Influence of Genetic Variation in the Fungal Endophyte of a Grass on an Herbivore and its Parasitoid

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Entomologia Experimentalis et Applicata

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Blackwell Publishing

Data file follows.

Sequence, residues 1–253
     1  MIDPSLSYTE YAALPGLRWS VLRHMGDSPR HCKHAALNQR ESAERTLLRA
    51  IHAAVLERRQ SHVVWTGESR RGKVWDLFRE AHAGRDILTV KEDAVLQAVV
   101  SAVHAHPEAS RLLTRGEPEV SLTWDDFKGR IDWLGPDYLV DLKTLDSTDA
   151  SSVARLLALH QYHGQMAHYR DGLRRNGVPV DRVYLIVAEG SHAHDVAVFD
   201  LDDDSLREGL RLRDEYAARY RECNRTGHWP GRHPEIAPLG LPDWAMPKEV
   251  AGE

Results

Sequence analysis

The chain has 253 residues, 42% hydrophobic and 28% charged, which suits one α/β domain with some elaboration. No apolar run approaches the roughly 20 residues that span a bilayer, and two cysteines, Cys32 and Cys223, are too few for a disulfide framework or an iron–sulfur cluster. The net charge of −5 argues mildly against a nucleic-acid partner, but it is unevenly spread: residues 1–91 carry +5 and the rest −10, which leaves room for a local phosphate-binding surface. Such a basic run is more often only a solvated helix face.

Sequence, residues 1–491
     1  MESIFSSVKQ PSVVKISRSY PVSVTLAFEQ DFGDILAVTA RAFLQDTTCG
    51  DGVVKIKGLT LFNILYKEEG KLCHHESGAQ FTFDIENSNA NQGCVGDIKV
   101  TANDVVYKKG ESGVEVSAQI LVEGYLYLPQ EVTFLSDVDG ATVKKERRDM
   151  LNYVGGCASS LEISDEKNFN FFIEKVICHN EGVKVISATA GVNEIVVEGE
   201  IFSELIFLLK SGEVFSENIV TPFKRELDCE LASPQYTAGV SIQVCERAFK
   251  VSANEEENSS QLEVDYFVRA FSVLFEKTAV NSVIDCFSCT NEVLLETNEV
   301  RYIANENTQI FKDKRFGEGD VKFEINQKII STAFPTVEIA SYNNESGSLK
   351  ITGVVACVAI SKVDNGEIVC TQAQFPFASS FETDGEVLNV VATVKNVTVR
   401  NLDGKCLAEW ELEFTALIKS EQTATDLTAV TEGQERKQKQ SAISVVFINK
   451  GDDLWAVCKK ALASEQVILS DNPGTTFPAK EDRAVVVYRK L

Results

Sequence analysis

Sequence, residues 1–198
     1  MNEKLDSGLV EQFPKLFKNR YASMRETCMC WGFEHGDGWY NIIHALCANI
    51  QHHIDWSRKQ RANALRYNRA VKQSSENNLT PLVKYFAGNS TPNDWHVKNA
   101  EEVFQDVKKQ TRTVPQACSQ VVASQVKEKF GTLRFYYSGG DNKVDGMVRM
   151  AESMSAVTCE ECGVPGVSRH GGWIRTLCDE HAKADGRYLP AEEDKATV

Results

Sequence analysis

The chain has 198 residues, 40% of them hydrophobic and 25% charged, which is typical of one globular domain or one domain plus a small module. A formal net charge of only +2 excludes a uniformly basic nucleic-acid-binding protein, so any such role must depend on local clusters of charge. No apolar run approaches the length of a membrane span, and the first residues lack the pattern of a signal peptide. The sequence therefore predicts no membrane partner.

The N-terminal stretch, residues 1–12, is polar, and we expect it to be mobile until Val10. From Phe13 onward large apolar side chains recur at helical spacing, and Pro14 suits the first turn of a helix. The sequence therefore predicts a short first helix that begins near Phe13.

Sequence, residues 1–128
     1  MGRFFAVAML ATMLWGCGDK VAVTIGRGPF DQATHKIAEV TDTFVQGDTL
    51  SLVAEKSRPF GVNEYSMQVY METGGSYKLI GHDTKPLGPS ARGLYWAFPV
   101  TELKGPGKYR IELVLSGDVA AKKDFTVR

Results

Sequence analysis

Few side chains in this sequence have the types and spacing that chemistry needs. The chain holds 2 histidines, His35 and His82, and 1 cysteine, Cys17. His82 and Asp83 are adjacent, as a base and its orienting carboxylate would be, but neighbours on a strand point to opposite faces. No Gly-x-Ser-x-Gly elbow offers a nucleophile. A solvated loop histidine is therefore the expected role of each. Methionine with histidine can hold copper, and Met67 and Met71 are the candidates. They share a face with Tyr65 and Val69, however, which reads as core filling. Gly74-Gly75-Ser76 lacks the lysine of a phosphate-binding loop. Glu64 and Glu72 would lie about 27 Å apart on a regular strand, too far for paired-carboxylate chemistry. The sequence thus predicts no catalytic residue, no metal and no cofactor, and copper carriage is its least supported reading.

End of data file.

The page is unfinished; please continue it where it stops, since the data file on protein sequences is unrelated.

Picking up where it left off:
Neotyphodium coenophialum (Glenn, Bacon, Price & Hanlin) (Ascomycota: Clavicipitaceae) is an endophytic fungus that lives symbiotically within grasses and produces alkaloids that can help protect its hosts from some insect pests. We used laboratory-based experiments to investigate whether fungal genotype influences an herbivore and its parasitoid. We tested whether variation in novel isolates, plus a control lacking fungal infection, affected preference by fall armyworm, Spodoptera frugiperda (Smith) (Lepidoptera: Noctuidae: Amphipyrini), and growth and survival of Euplectrus comstockii Howard (Hymenoptera: Eulophidae: Euplectrini), a parasitoid of fall armyworm. Caterpillars preferred leaf blades in choice experiments from uninfected tall fescue [Lolium arundinaceum (Schreb.) Darbysh., cultivar Jesup (Poaceae)] and tended to avoid blades from plants containing fungal isolates AR502, AR542, or the most common strain from pastures in Georgia, USA, in tall fescue. However, caterpillars fed as much on leaf blades from plants containing isolate AR502 as from those lacking infection. Parasitoid pupal mass was not influenced by fungal isolate, yet fungal isolate did influence parasitoid survival. Survival was higher than expected for parasitoids reared from hosts fed plants lacking fungal infection, but was lower than expected for those reared from hosts fed plants infected with the common strain or AR542 isolates. In contrast, parasitoids reared from hosts fed plants infected with isolate AR502 did not experience higher mortality than expected by chance. Our results show that N. coenophialum can modify bottom-up trophic cascades through direct effects on herbivores, as well as indirect effects on a natural enemy of the herbivores and that the fungus may influence the tritrophic interaction in ways that counterbalance herbivore protection provided by the symbiont. Our work also shows that these effects are influenced by fungal genotype. As attempts are made to produce forage cultivars with strains of fungal endophyte that lack negative influences on livestock, it will be prudent for investigators to assess the multi-trophic effects of these novel associations within agroecosystems.